South Sudan peace talks end with partial deal
Talks in Sudan to revive South Sudan’s peace pact and end the ongoing conflict broke up on Tuesday without a comprehensive deal, mediators said.
Sudan government as part of the East African regional bloc IGAD has been helping South Sudan’s warring parties to agree on power sharing and security arrangements, key steps for reviving the failed 2015 peace deal.
The round of peace talks in Khartoum, which began in June, were seen as the best chance to end the country’s civil war.
But despite some signs of progress, the negotiations were deadlocked but signed by the government and smallest opposition entities without the main opposition groups. The SPLM-IO group led by the country’s main opposition leader Riek Machar and the opposition alliance led by Gabriel Changson rejected the deal.
South Sudanese foreign minister Al-Dirdiri Mohamed Ahmed said the third round of talks in Khartoum ended today.” We are announcing the closing of the third round of talks that was referred to Khartoum by the IGAD summit,” he said.
“There is nothing left to be discussed. We have exhausted all the matters referred to us,” Al-Dirdiri said.
Al-Dirdiri, who is the chief mediator, pointed out that the signed peace document will be referred to the IGAD heads of state and government summit for adoption before the final signing of the deal.
He hoped that the Sudan People’s Liberation Movement-In-Opposition (SPLM-) and the South Sudan Opposition Alliance (SSOA) will join the final peace deal.
South Sudan’s Information Minister Michael Makuei said his team initialed the peace agreement this afternoon, while accusing the two opposition groups of obstructing peace in South Sudan.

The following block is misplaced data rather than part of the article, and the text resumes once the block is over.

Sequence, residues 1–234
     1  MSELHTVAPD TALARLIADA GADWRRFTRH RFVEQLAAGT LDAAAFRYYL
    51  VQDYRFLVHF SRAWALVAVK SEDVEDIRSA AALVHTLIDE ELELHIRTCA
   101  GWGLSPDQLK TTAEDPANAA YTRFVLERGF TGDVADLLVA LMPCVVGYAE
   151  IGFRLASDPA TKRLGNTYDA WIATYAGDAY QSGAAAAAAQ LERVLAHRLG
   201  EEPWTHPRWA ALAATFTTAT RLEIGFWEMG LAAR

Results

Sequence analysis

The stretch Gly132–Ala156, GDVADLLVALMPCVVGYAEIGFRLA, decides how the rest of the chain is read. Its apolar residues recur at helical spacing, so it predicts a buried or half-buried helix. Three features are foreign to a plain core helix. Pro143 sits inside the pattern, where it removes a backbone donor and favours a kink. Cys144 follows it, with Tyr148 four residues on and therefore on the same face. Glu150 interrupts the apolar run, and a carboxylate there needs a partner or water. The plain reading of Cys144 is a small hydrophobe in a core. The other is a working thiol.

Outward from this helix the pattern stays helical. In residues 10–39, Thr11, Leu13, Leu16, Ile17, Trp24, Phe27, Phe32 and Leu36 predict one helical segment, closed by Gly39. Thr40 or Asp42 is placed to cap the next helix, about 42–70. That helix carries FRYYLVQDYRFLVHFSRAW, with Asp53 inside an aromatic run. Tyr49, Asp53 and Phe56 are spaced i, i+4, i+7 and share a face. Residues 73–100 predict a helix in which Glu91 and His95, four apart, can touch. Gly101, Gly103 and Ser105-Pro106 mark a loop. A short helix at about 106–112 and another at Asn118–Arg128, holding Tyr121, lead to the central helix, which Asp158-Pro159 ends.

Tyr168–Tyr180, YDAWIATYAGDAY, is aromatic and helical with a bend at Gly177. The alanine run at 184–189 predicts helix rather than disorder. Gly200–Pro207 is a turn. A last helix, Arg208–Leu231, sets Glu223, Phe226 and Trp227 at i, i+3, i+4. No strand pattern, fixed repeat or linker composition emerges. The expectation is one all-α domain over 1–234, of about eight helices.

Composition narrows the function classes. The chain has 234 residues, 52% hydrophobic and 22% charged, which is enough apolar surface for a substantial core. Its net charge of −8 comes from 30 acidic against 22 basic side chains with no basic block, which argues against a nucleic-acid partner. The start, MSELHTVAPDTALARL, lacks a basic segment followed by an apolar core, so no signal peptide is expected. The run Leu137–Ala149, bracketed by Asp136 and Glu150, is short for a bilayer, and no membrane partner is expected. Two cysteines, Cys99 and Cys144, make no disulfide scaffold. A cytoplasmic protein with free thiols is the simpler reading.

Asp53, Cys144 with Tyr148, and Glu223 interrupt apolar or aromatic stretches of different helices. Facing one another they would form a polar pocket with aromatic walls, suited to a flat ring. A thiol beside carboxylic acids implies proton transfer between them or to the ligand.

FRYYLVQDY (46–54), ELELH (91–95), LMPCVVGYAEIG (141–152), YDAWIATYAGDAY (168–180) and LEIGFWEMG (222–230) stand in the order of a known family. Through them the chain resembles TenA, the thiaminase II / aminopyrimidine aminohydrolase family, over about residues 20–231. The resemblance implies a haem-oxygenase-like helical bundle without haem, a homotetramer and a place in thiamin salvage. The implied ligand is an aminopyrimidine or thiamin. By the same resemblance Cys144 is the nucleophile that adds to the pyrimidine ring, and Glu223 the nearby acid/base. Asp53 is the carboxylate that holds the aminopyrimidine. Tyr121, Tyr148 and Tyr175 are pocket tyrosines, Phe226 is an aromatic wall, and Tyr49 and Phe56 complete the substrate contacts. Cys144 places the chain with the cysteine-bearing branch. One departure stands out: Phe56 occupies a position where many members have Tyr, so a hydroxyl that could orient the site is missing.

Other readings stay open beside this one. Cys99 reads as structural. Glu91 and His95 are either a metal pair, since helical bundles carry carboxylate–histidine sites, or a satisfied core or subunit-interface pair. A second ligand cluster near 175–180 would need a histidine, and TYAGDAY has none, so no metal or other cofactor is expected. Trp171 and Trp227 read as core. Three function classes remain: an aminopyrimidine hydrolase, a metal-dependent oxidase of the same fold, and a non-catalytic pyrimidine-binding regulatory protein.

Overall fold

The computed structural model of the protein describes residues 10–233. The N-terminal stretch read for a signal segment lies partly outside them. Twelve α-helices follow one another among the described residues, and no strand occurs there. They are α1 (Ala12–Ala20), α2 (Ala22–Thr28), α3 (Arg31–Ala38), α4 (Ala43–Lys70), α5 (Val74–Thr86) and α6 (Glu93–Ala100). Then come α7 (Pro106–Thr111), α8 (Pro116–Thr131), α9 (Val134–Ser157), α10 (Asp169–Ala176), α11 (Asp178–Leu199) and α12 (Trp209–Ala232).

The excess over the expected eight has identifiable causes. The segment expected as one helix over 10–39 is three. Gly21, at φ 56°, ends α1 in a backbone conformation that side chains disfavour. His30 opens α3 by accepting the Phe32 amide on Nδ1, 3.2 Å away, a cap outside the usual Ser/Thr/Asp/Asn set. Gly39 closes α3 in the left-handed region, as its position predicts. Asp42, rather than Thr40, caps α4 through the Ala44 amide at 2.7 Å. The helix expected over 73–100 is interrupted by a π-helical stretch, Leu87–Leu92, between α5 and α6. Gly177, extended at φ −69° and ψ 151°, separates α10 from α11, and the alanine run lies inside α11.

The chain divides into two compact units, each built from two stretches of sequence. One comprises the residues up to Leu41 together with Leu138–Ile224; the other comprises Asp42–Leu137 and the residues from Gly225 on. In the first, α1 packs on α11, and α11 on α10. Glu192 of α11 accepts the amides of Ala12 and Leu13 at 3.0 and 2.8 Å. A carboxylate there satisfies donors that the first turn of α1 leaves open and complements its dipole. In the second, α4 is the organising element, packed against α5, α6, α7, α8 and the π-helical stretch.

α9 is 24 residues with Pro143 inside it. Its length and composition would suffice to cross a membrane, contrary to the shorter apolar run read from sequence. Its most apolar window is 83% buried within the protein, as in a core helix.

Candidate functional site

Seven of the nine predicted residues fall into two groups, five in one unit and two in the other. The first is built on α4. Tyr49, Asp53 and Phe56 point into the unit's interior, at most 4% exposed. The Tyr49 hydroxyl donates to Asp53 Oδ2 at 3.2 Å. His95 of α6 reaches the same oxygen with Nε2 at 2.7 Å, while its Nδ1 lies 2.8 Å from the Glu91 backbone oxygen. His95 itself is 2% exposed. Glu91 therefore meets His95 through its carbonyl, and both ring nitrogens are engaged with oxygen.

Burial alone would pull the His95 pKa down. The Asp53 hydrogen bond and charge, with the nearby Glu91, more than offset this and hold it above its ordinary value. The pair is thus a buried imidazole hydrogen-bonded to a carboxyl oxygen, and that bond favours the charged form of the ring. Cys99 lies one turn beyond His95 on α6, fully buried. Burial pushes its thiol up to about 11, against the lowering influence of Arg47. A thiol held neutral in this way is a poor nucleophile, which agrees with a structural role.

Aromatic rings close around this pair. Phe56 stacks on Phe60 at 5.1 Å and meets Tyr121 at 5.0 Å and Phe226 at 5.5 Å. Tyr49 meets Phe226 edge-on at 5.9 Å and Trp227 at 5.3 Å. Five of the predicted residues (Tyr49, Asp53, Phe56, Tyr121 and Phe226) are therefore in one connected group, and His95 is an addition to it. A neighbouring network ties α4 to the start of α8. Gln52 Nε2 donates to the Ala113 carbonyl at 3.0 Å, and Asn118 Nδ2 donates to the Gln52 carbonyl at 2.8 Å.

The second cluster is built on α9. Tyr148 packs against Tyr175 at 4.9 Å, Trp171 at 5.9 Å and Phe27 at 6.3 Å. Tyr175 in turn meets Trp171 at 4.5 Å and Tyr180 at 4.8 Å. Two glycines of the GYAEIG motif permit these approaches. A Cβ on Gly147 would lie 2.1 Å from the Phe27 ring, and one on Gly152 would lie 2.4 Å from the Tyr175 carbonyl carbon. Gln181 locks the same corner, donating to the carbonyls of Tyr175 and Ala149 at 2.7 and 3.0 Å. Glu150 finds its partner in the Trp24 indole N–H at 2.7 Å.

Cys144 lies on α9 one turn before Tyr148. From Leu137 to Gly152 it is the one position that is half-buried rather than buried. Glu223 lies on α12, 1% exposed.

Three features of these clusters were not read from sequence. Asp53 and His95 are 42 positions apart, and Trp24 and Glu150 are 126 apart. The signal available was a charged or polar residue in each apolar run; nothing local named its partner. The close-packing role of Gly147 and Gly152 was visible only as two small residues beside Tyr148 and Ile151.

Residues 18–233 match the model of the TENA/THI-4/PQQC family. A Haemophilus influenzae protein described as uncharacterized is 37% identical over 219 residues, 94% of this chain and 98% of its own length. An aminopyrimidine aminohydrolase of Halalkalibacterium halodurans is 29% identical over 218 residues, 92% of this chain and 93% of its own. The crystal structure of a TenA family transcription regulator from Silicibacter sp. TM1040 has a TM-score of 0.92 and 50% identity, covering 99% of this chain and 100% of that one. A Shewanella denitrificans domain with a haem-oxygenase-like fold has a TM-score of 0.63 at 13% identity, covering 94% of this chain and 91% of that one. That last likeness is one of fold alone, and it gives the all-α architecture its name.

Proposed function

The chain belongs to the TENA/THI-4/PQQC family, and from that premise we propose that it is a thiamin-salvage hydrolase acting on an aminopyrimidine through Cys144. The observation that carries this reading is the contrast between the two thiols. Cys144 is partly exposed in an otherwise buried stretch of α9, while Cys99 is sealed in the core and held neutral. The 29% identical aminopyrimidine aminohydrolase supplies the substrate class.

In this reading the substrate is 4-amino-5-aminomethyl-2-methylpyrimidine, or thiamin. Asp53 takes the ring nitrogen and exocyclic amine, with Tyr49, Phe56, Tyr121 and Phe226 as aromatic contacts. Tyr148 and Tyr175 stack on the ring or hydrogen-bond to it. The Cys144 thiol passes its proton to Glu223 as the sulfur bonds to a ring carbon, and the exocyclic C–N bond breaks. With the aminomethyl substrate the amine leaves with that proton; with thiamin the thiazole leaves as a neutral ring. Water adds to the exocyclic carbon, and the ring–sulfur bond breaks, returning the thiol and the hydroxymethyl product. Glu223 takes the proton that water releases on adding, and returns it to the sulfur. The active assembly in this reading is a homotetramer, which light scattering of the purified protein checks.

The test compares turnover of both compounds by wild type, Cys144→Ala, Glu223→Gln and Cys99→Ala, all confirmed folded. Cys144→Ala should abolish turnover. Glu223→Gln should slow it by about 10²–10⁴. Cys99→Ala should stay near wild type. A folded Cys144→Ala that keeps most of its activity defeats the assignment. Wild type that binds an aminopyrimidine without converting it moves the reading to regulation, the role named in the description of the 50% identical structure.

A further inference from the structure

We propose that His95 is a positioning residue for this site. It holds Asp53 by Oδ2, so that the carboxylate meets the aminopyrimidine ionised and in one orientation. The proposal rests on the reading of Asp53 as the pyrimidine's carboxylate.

“According to our evaluation, the agreement is successful. Those who have not signed will join the peace process later,” he said.
Lam Akol Ajawin, a leading member of the South Sudan Opposition Alliance (SSOA), said they refused to initial the peace agreement because it failed to address their concerns. “But the government is insisting on imposing its opinions on important issues before they are discussed and agreed upon,” Akol said.
The prominent South Sudanese politician urged the East African regional bloc IGAD to ensure that the key pending issues are agreed upon by the warring parties before the final signing of the peace pact.
Meanwhile, the deputy spokesman of the SPLM-IO Manawa Peter Gatkuoth said they declined to initial the agreement because the government refused to incorporate their concerns in the document today.
Edmund Yakani, a prominent South Sudanese civil society activist, called on the mediation team to engage the opposition for the sake of peace in South Sudan.
Yakani urged regional grouping IGAD to conduct shuttle diplomacy with the principals of the opposition groups to ensure that there are compromises for peace in the country, while calling on the warring parties to observe the signed ceasefire deal.